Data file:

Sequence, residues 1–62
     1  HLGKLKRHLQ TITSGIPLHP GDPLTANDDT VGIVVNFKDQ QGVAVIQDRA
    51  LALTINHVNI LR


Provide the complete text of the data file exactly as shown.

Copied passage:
Sequence, residues 1–62
     1  HLGKLKRHLQ TITSGIPLHP GDPLTANDDT VGIVVNFKDQ QGVAVIQDRA
    51  LALTINHVNI LR